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How much does a funeral cost in Texas?
Understand your potential expenses and where to turn for financial help if needed.
Being aware of the costs and the resources that are available to you when planning a funeral can help smooth the process. Here’s our breakdown of typical funeral costs for residents of Texas.
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Average cost of a funeral in Texas
The average cost of a burial in Texas is $6,937.90. This is slightly higher than the national average, which is around $6,723.92. That number isn’t just a reflection of funeral home costs, but a comprehensive look at what the services cost altogether.
Expect these potential expenses when planning a funeral in Texas:
Keep in mind that these are general numbers — reach out to a funeral home directly to get a more accurate estimate.
Average cost of cremation in Texas
The cost of cremation — with services — is approximately $3,720 in Texas. Without services, expect to pay between $1,000 and $2,200. An urn costs about $275 in Texas, though the exact cost will vary by provider.
How to pay for a funeral in Texas
Regardless of your financial situation, you have several possible payment methods to choose from:
- Pay out of pocket. You can fund the funeral with cash, credit or debit card and might even be able to set up a payment plan with the funeral home. In 2017, the median household annual income in Texas was $59,206 , meaning the cost of a funeral could be a month’s paycheck or more.
- Prepay a funeral home. If the funeral home has a permit issued by the Texas Department of Banking to allow for “prepaid funeral merchandise and services,” you can put down money to cover costs early.
- Life insurance. If the deceased person had life insurance, you could submit a claim to the carrier and use the benefit payout to help cover funeral costs.
- Burial insurance. An option if you plan on funding your own funeral, burial insurance is usually cheaper than life insurance, and most policies don’t require a medical exam.
- Look for low-cost options. Texas’s Burial or Cremation Assistance Registry provides a list of funeral homes and cemeteries that offer low-cost or free funeral solutions.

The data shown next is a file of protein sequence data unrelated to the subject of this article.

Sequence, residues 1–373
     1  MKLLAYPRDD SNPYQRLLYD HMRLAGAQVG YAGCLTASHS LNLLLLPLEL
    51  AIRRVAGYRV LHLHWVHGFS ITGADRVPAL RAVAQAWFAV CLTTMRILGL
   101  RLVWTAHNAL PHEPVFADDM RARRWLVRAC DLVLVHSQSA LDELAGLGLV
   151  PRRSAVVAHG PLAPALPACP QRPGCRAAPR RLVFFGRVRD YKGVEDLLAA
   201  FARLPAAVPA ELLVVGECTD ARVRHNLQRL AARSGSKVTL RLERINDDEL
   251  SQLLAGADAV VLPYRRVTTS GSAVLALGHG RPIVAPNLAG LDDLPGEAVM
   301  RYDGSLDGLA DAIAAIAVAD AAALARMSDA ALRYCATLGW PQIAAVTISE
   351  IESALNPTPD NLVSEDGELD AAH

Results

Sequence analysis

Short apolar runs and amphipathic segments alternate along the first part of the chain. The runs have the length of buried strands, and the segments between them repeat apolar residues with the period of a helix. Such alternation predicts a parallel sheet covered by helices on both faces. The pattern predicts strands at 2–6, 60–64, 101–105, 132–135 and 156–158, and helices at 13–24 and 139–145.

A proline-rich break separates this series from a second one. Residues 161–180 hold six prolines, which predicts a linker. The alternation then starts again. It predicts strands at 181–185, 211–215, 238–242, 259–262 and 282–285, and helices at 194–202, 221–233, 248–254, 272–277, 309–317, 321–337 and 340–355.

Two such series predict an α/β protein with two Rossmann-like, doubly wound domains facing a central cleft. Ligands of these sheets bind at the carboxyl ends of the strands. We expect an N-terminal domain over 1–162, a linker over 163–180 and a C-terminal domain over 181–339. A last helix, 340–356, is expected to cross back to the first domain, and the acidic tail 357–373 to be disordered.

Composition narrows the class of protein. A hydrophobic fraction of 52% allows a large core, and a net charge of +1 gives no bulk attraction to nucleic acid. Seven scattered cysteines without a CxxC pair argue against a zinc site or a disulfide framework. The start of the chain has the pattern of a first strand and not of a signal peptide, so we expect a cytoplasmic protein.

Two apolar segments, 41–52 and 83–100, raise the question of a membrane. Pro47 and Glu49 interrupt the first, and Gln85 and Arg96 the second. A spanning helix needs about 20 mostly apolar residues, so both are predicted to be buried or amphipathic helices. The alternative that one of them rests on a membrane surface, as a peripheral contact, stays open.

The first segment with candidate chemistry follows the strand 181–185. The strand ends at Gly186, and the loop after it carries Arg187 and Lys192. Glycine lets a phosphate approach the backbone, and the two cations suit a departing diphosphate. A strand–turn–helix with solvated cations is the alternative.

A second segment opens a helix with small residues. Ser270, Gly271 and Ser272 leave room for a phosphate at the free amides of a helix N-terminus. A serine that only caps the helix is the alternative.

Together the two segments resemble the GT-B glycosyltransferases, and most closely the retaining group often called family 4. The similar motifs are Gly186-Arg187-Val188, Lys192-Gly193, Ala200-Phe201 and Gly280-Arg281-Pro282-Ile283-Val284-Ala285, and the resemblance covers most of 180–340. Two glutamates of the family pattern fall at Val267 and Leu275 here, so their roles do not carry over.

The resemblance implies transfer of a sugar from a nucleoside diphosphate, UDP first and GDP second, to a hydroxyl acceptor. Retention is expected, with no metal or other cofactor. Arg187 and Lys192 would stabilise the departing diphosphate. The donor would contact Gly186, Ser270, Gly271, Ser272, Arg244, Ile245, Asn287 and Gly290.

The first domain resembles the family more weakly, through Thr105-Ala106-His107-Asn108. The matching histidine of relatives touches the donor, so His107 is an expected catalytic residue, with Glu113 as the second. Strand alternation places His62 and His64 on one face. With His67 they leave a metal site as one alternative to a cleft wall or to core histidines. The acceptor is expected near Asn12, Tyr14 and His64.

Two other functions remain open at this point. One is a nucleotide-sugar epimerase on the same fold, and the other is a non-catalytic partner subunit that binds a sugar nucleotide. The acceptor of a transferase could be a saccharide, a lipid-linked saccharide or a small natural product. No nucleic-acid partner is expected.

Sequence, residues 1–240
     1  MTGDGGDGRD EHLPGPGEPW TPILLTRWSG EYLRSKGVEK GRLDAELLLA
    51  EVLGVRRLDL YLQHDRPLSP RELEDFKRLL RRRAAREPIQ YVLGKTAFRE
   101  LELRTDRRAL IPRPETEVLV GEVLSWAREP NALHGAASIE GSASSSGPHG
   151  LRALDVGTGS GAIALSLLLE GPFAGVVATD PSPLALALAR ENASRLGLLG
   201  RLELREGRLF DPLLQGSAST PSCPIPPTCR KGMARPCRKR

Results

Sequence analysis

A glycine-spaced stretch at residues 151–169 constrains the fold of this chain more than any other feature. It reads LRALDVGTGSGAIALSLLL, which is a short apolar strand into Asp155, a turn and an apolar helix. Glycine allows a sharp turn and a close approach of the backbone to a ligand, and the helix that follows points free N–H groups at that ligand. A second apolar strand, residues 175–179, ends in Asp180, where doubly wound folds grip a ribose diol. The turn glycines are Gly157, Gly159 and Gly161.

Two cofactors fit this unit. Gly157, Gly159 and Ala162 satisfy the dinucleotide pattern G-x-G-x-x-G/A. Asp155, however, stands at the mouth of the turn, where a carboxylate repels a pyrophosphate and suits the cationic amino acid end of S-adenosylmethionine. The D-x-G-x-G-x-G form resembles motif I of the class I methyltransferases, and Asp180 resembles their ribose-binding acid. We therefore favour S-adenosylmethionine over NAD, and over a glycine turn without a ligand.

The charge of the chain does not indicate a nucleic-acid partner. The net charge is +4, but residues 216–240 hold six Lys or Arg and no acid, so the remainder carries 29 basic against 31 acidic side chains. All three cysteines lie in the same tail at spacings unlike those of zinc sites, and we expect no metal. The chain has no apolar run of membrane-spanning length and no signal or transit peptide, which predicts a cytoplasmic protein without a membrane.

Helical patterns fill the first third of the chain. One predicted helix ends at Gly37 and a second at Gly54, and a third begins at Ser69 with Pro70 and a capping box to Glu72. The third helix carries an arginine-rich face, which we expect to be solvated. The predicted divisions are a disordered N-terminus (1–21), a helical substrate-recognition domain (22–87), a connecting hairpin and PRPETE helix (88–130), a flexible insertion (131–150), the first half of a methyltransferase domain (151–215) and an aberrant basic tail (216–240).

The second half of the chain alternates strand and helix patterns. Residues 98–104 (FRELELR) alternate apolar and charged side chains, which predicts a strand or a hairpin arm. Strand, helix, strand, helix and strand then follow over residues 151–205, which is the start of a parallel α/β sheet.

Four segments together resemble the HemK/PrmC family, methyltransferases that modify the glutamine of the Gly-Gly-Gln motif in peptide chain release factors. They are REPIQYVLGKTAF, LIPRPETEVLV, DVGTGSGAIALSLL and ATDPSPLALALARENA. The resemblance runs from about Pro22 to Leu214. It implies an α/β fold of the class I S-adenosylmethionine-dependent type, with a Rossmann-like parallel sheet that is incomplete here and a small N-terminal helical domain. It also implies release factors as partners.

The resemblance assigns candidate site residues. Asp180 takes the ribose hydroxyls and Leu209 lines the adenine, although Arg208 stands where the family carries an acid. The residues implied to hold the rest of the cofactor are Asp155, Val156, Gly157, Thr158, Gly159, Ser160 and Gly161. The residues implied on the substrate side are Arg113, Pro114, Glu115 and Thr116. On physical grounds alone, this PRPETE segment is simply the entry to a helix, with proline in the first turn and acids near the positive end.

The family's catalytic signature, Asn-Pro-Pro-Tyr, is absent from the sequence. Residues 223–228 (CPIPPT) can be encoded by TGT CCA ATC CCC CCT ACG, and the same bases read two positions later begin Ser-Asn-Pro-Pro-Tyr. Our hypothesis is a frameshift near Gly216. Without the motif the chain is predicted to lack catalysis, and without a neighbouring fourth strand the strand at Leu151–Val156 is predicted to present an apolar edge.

- Local community services. Some Texas counties will help cover expenses for families that lack resources. Get in touch with a nearby Community Services Department to see if you can apply for indigent burial assistance.
- The deceased’s estate. In Texas, only 44% of residents have more than $1000 tucked away in savings. According to Texas law, an estate’s assets must pay funeral expenses and final medical costs before any other claims are made. However, there’s a cap of $15,000 and the expenses must be approved by a court.
- Take out a loan. Borrowing money should be your last resort, though it can help in a pinch. Funeral loans offer quick cash and allow you to pay off costs over time instead of all at once.
- Social security. If the deceased person paid Social Security taxes while working, a lump-sum benefit of $255 may be awarded to the spouse and any children left behind. Though it can’t be paid directly to a funeral home, you can use the money to help cover costs.
- Religious organizations. Check if your church or place of worship offers assistance for burial and last rights. Catholic Charities is a statewide nonprofit that may help. Otherwise, the Salvation Army or United Way could refer you to an organization for aid.
- Veteran’s Administration. The VA offers up to $300 in reimbursement for non-service-related deaths, and will contribute $2,000 for a service-related death. Contact the VA to see if your situation qualifies.
Does Texas have funeral assistance programs?
Texas doesn’t offer state-funded financial aid for funerals, but its counties and cities often do. Your local Health Services Department should be able to point you in the right direction.
Also inquire with your county office to see if you might be eligible for help. For example, Travis County provides financial assistance for funerals to households that have been at or below the Federal Poverty Income Guidelines for at least 30 days.
Texas keeps an updated list of funeral homes and cemeteries that offer free or discounted burial. Check with your physician or healthcare facility for information about Texas’s Burial or Cremation Assistance Registry. It can refer you to nonprofit organizations that offer monetary assistance to people who need help funding end-of-life costs.
Funeral cost compensation for crime victims
If the deceased person was the victim of a crime, the Texas government will reimburse individuals who pay for the funeral up to $6,500, including costs associated with:
- Funeral and burial services.
- Caskets and urns.
- Grave markers.
- Transporting the deceased for a maximum of 50 miles.
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Funeral costs in Texas are pricey, but there are ways to help alleviate the financial stress. If you’re thinking about funds for your own ceremony, you may want to consider life insurance.
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